Updated: Mar 3
You know about Eels, right? How many types of eels do you know? Do you know there are about 19 different types of eels identified so far? From the Fresh Water Eels to Deep Sea Large Necked eels or One Jaw Gulpers, there are about 19 wide families, 111 genera, and over 800 species of Eels. In case you were thinking Electric Eel is one among them, you would be wrong. An Electric eel (Electrophorus Electricus) is not actually an eel at all. Eels are a type of bony fish with a long slender body and a ray-fin. They belong to the order of Anguilliformes. Although Electric Eels very much look like eels, with an elongated eel body shape, they’re actually knifefish and are mostly related to catfish and carp, rather than eels. Scientists have re-classified electric eels multiple times. For now, this is the only species in its genus.
The electric eel has a slender, serpentine body with no scales; it is usually a dark gray to brown with a yellow-orange underside. Like eels, it has no pelvic or dorsal fins, but it does have an elongated anal fin, which helps it move through the water, and a smaller caudal fin.
Electric eel has a flattened head, which acts as its positive end and its tail acts as its negative end. As its name suggests, the coolest thing about electric eels is that it makes electric charges and works pretty much like a fish that has transformed into a battery. Whenever an electric eel senses a prey, an impulse from its brain signals those cells to open ion channels. As the channels open up, sodium ions flow through and release electricity, the same way a battery works.
Electric Eels have three special organs that help create their electrical charge. Those three organs are called the Main organ, the Hunter’s organ, and the Sachs organ. These Electric Organs make up about 80 percent of the fish’s body.
Its remaining vital organs are tightly packed within the anterior part of its body. The 3 electric organs have 5000-6000 specialized cells called electrocytes or electroplaques. Electric Eels release up to 0.15 volts, 1 ampere and 860 watts for 2 milliseconds. The three electric organs take up so much space in an electric eel’s body and are vital to the electric eel’s survival. They can also adjust the intensity of the shock, and can even curl up to release a bigger shock and as salt water is a good conductor of electricity, the knifefish releases a lot of energy. Some people compare it to a car battery and it definitely releases more energy than a normal wall socket at your house. To be exact, an electric eel releases up to 500 volts, which tires them out, because they use ⅔ of the Hunter’s organ as well as the Main organ. The hunter’s organ and the sach’s organ produce weak electrical charges. Electric eels let out weak and strong discharges based on their needs. The weak ones are commonly used for navigation, as they have bad eyesight, and communication and the strong ones are for hunting prey and keeping predators at bay. Electric eels are also known for their jump out of the water, pressing their chin or their positive end to a partially submerged mammal to release a bigger shock.
Electric eels can grow big! They can grow up to 6-8 (2-2.5 meters) feet long, as long as a tall grown man. In captivity, males live up to 15 years and females can live up to 22 years. They can weigh up to nearly 45 lbs and are recorded to have a top speed of 65 mph (miles per hour).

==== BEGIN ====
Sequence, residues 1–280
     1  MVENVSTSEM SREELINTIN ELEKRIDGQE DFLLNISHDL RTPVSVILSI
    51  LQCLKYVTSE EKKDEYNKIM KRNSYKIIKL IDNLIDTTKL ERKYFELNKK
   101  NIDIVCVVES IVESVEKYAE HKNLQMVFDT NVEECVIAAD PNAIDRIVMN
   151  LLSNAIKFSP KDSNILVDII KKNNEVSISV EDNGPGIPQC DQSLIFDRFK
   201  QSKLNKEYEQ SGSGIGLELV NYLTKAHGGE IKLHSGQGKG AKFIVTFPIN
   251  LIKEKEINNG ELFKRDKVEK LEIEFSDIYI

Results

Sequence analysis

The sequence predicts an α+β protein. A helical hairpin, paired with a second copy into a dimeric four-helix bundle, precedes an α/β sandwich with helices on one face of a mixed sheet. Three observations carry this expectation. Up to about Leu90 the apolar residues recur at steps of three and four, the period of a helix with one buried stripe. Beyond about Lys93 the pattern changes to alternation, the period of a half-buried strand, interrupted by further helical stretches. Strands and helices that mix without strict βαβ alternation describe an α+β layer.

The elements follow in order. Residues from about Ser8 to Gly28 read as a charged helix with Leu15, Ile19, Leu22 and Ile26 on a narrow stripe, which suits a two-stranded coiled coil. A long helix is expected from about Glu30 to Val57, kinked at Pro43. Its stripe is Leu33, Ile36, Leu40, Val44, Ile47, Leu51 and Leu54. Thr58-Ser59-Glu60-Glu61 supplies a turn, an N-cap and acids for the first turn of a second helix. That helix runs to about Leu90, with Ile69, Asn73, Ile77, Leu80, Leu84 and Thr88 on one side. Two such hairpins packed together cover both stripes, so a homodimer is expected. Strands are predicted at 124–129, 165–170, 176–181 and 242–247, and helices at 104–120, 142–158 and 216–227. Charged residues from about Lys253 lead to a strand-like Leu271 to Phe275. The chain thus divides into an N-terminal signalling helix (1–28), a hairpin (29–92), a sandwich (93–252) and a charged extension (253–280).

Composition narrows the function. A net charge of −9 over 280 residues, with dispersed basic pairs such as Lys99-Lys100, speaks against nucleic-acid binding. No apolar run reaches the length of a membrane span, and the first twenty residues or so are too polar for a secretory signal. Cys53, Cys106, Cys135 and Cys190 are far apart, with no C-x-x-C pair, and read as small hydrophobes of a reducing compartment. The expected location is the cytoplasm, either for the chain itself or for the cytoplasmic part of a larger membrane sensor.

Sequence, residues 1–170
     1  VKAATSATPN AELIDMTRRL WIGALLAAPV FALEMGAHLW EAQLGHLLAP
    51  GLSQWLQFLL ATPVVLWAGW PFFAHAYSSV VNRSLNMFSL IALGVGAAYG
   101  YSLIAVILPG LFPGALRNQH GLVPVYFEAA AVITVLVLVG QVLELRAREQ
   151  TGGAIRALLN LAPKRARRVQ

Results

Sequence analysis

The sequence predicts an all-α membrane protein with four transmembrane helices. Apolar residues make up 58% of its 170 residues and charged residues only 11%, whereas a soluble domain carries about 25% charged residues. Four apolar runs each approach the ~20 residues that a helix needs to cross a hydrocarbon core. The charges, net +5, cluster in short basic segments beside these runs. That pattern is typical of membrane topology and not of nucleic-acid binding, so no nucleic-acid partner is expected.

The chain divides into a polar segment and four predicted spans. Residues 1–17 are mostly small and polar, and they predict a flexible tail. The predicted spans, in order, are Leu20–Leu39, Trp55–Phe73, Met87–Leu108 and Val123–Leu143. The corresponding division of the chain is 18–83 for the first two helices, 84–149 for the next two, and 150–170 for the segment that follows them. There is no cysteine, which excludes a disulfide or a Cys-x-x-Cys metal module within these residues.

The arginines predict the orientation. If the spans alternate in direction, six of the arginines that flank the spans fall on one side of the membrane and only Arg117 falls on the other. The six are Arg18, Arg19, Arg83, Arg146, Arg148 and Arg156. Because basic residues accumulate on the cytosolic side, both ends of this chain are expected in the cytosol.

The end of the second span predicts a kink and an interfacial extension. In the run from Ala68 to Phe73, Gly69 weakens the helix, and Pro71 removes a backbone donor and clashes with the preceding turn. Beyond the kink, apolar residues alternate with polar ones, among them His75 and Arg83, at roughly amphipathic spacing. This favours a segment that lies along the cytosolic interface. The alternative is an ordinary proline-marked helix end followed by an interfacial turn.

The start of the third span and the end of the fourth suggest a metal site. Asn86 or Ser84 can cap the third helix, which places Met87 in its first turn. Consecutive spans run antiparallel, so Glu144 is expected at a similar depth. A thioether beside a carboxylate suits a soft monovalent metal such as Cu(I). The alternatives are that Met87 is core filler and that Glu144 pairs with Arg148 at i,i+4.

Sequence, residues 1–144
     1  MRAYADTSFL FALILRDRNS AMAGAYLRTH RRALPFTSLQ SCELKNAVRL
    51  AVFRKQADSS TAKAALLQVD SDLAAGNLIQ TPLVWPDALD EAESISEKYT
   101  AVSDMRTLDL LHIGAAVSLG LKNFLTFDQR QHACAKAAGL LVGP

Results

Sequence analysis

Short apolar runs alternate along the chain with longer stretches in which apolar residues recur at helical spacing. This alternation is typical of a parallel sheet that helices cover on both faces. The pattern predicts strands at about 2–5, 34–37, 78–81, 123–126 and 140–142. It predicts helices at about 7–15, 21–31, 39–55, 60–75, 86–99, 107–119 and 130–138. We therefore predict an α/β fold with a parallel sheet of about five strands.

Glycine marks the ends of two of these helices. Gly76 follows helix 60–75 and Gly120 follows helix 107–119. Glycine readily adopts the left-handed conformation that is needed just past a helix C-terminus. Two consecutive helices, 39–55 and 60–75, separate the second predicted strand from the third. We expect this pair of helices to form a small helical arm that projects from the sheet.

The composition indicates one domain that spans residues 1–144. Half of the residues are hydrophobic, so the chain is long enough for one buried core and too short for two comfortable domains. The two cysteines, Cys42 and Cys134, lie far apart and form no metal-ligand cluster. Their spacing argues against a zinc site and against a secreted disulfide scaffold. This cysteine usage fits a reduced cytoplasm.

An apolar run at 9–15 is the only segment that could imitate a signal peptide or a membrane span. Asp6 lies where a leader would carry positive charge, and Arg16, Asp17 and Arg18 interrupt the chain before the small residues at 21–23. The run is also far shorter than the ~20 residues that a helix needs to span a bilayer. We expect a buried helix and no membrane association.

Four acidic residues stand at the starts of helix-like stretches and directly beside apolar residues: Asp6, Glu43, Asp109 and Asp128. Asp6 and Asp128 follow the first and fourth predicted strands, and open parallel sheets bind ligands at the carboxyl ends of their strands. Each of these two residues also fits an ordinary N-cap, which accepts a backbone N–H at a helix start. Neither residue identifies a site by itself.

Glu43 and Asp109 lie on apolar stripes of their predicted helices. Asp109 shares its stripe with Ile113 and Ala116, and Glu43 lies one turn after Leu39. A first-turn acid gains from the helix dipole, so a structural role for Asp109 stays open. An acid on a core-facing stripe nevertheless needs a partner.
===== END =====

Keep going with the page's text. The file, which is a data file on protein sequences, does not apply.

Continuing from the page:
Electric eels mostly live in Northern South America, in the Amazon River and are widely spread across Brazil, the Guianas, Suriname, Venezuela, Colombia, Ecuador and Peru. They eat fish, birds, and even small mammals, using their shocks to hunt them. They frequently come to the surface to breathe, because they live in an environment where the water is poorly oxygenated, so they’ve adapted to breathe from the surface. There are also 3 types of electric eels - the Electric eel, Vari’s electric eel, and Volta’s electric eel. There are also other kinds of electric fish, including 500 other species. There are 19 species of catfish and Egyptians used the electric catfish, capable of delivering a shock of up to 350 volts, to treat arthritis pain. The Egyptian name for these catfish translates to angry catfish. I think I’ll start calling the electric catfish, angry catfish!
The electric eel mother lays about 1,200 to 1,700 eggs during the dry season, which is from May to October. The males then build nests made of their saliva and they guard the nests until the eggs hatch later during the rainy season, which is from December to May. Experts aren’t sure how spawning happens, and that is what we most research on these eels. Some say that it occurs in large batches throughout the dry season, and others say that the female lays her eggs all at once. To mate, they use the weak electric charge they use for navigation.
Thinking of the Electric Eel power makes me feel mystical about them, from their incredible shocks to reproduction. Want to have more eel’s electric fun? Solve this missing letters quiz!
1. Which order do electric eels belong to?
2. Name of the element that helps in building up voltage and producing current.
3. Which organ generates the minimum electric discharge?
4. Which Electric Organ is the first one to develop in the growth of an electric eel?
5. Which Electric Organ is the last one to develop in the growth of an electric eel?
Wanna have more fun? How about a drawing activity?
Image Courtesy: Wikipedia, Thames Catchment and WeDrawAnimals.com
Volts - A unit that measures the number of electrons between any two points in an electric circuit
Ampere (amps)- A Unit that measures the speed/rate at which the electrons flows
Watts - power at which the electric energy is transferred in a circuit
Spawning - the act/process of releasing eggs
Answers to the Quiz:
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